Recuperar, recuperar, el litoral y el ancho mar

22 Jul, 2010 | Camille Reltien

Social issues

“¿Rendirme yo? ¡Que se rinda su abuela, carajo!” According to the story, these were the dying words of Eduardo Avaroa Hidalgo at the battle of Topater on the 23rd of March 1879. On this day, Bolivia lost the Departmento of Antofagasta to Chile and along with it, free access to the Pacific Ocean. The Guerra del Pacifico (1879-1884) is like a locoto, it burns Bolivian consciousness 131 years on.

Bolivia still yearns for what she has lost. The Bolivians among you will surely be familiar with the following lines from the song “Recuperemos Nuestro Mar” by Orlando Rojas : “Aún a costa de la vida, recuperemos el mar cautivo, la juventud está presente, Bolivia en alto reclama el Mar”. It is one of the marches of the Fuerza Naval de Bolivia. Naval Force, you ask? Yes, Bolivia is prepared for the day she will recover her sea, and is equipped with a 5000-man navy. They carry out a defense mission of Bolivia’s Maritime Interests in Lake Titicaca and on the 9000 kilometres of navigable river. 

The attempts at repossessing the coastline have been many, under the initiative of various presidents; none of them have ever been successful. So far, Peru has given Bolivia access to Puerto de Ilo which is used for tourism. Imports and exports largely go through Chile, to whom Bolivia pays taxes and duties for use of its ports.

Yet what Bolivia wants - what her citizens really yearn for- is to regain sovereignty over the lost provinces. In this month of July, talks between Chile and Bolivia are taking place in La Paz. The theme guiding these discussions is “cultures of dialogue and peace”, and aims to solve diplomatic issues between both countries.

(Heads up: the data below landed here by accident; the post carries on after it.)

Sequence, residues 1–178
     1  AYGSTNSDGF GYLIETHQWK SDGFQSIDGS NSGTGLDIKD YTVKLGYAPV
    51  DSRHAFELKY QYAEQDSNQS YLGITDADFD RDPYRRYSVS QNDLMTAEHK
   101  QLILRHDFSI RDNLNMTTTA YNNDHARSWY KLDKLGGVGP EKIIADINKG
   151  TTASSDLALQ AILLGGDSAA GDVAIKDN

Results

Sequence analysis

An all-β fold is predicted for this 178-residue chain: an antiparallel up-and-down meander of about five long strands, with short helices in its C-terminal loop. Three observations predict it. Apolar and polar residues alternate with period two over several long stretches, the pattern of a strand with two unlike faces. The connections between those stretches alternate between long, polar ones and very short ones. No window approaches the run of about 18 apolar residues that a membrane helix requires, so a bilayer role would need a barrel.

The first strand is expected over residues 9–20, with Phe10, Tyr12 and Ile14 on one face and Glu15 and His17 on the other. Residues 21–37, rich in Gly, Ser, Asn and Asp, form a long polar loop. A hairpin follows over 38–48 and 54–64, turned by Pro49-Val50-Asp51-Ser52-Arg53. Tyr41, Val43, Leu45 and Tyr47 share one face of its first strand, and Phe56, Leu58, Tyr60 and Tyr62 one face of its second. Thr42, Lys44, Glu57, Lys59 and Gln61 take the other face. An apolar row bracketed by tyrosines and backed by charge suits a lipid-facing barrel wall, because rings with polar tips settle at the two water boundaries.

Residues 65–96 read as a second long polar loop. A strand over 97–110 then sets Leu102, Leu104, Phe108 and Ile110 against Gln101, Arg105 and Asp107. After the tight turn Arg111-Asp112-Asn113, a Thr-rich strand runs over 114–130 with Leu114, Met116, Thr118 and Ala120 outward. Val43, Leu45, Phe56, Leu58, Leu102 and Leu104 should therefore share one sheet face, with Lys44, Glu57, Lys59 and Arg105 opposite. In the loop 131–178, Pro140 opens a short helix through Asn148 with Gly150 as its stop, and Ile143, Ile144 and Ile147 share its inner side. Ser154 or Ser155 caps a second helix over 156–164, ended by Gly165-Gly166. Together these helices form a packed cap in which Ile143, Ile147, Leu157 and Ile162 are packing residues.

To discover the significance of the loss of the sea for Bolivia and its people, one would usually start at the Museo del Litoral. Unfortunately, due to its current renovation, the museum is closed and looks like a bombed-out trench. I thus decided to interview the person responsible for the museum. After searching through the streets of La Paz, I finally found her hiding behind a face-mask and surgical gloves (no, she doesn’t moonlight as a surgeon - she was only developing photos).


Veronica Rodriguez begins by giving me a description of the lost territory. I am told that the desert of Atacama is a land rich in different types of important resources (copper, lithium, guano) giving the land great economic value. Indeed the war was sparked by Bolivia’s decision to eject Chilean companies exploiting these resources but refusing to pay taxes. In response to this, Chile invaded the port of Antofagasta in March 1879. The Museo del Litoral takes it upon itself to keep alive the memory of this war in Bolivian consciousness. Veronica passionately recounts the March events: “During the whole month we raise the flag to full-mast. We invite schools and the army to the commemorative acts”.